Overdose symptoms may also include extreme drowsiness, anxiety, nightmares, pinpoint pupils, fainting, weak pulse, blue lips, shallow breathing, or no breathing.
What should I avoid while taking Talacen (acetaminophen and pentazocine)?
This medication may impair your thinking or reactions. Avoid driving or operating machinery until you know how acetaminophen and pentazocine will affect you. Dizziness or severe drowsiness can cause falls or other accidents.
Ask a doctor or pharmacist before using any other cold, allergy, pain, or sleep medication. Acetaminophen (sometimes abbreviated as APAP) is contained in many combination medicines. Taking certain products together can cause you to get too much acetaminophen which can lead to a fatal overdose. Check the label to see if a medicine contains acetaminophen or APAP.
Avoid drinking alcohol while taking acetaminophen and pentazocine. Alcohol may increase your risk of liver damage while taking acetaminophen.
Smoking tobacco can make acetaminophen and pentazocine less effective.
Talacen (acetaminophen and pentazocine) side effects
Get emergency medical help if you have any of these signs of an allergic reaction: hives; difficulty breathing; swelling of your face, lips, tongue, or throat.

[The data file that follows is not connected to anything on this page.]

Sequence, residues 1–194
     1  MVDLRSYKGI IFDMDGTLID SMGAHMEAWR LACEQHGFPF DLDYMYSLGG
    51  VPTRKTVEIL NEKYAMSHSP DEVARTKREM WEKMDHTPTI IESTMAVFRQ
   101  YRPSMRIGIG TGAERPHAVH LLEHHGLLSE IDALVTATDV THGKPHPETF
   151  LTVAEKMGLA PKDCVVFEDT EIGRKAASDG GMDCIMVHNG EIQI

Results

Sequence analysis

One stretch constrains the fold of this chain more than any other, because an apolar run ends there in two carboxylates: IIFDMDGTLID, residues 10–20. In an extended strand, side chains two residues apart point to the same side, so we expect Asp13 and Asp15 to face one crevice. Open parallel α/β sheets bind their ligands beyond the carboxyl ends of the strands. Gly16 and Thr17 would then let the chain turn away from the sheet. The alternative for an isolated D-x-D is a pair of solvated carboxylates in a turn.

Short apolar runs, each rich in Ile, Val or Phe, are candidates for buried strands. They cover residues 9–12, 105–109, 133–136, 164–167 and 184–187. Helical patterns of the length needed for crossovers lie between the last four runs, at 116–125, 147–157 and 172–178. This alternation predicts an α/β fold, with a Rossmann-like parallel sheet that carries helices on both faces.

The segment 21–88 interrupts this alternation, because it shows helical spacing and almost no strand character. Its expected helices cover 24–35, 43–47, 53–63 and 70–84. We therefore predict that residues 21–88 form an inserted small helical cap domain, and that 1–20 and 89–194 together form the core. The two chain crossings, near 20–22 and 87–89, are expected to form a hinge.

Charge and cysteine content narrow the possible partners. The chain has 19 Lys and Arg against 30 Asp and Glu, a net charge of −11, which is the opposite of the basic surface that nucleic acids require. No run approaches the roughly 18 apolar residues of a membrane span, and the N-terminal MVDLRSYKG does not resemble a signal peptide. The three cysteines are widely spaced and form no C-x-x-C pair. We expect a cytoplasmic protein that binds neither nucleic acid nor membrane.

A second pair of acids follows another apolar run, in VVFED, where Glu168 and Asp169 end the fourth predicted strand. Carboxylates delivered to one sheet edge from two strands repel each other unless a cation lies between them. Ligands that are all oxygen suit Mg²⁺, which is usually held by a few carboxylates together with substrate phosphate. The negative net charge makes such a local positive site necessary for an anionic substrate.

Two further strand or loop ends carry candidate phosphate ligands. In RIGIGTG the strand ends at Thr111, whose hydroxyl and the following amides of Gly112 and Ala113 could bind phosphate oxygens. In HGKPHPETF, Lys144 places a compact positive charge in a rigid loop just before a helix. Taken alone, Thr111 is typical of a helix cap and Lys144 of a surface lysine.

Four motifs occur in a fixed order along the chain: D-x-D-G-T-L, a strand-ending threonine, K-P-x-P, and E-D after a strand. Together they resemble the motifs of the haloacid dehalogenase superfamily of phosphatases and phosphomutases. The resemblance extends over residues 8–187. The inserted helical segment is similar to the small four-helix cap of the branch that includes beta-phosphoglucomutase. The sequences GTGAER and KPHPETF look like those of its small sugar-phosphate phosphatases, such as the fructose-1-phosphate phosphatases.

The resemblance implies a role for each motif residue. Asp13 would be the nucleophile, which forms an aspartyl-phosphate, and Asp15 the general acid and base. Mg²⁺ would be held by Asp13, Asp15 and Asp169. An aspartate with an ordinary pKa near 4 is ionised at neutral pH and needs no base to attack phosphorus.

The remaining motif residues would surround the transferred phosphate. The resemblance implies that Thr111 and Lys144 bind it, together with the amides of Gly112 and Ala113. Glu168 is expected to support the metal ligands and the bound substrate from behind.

Call your doctor at once if you have:
weak or shallow breathing, slow heartbeat;
a light-headed feeling, like you might pass out;
confusion, hallucinations, unusual thoughts or behavior;
easy bruising or bleeding; or
nausea, upper stomach pain, itching, loss of appetite, dark urine, clay-colored stools, jaundice (yellowing of the skin or eyes).
Common side effects may include:
upset stomach, constipation, diarrhea;
dry mouth; or
This is not a complete list of side effects and others may occur. Call your doctor for medical advice about side effects. You may report side effects to FDA at 1-800-FDA-1088.
See also: Side effects (in more detail)
What other drugs will affect Talacen (acetaminophen and pentazocine)?
Taking this medicine with other drugs that make you sleepy or slow your breathing can cause dangerous or life-threatening side effects. Ask your doctor before taking acetaminophen and pentazocine with a sleeping pill, narcotic pain medicine, muscle relaxer, or medicine for anxiety, depression, or seizures.
Other drugs may interact with acetaminophen and pentazocine, including prescription and over-the-counter medicines, vitamins, and herbal products. Tell each of your health care providers about all medicines you use now and any medicine you start or stop using.
Where can I get more information?
- Your pharmacist has information about acetaminophen and pentazocine.
Copyright 1996-2012 Cerner Multum, Inc. Version: 7.02. Revision Date: 2013-11-05, 11:57:16 AM.